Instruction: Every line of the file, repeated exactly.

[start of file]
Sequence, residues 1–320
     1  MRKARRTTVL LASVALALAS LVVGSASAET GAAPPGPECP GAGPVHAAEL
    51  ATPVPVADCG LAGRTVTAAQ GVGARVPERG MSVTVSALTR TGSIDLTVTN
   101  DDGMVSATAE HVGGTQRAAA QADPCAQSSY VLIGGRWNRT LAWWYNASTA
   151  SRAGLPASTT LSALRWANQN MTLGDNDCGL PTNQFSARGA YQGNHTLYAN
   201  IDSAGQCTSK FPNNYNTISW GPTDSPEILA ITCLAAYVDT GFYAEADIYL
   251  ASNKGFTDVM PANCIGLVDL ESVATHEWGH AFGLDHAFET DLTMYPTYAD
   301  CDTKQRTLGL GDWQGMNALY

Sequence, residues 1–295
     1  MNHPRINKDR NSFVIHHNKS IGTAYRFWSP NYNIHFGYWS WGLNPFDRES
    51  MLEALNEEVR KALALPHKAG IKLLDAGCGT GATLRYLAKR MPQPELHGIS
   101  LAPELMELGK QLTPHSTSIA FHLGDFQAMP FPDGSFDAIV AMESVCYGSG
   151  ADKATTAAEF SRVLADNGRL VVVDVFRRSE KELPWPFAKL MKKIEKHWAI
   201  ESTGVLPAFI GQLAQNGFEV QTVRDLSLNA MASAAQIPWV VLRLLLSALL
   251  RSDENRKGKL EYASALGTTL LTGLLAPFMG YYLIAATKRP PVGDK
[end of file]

Sequence, residues 1–320
     1  MRKARRTTVL LASVALALAS LVVGSASAET GAAPPGPECP GAGPVHAAEL
    51  ATPVPVADCG LAGRTVTAAQ GVGARVPERG MSVTVSALTR TGSIDLTVTN
   101  DDGMVSATAE HVGGTQRAAA QADPCAQSSY VLIGGRWNRT LAWWYNASTA
   151  SRAGLPASTT LSALRWANQN MTLGDNDCGL PTNQFSARGA YQGNHTLYAN
   201  IDSAGQCTSK FPNNYNTISW GPTDSPEILA ITCLAAYVDT GFYAEADIYL
   251  ASNKGFTDVM PANCIGLVDL ESVATHEWGH AFGLDHAFET DLTMYPTYAD
   301  CDTKQRTLGL GDWQGMNALY

Sequence, residues 1–295
     1  MNHPRINKDR NSFVIHHNKS IGTAYRFWSP NYNIHFGYWS WGLNPFDRES
    51  MLEALNEEVR KALALPHKAG IKLLDAGCGT GATLRYLAKR MPQPELHGIS
   101  LAPELMELGK QLTPHSTSIA FHLGDFQAMP FPDGSFDAIV AMESVCYGSG
   151  ADKATTAAEF SRVLADNGRL VVVDVFRRSE KELPWPFAKL MKKIEKHWAI
   201  ESTGVLPAFI GQLAQNGFEV QTVRDLSLNA MASAAQIPWV VLRLLLSALL
   251  RSDENRKGKL EYASALGTTL LTGLLAPFMG YYLIAATKRP PVGDK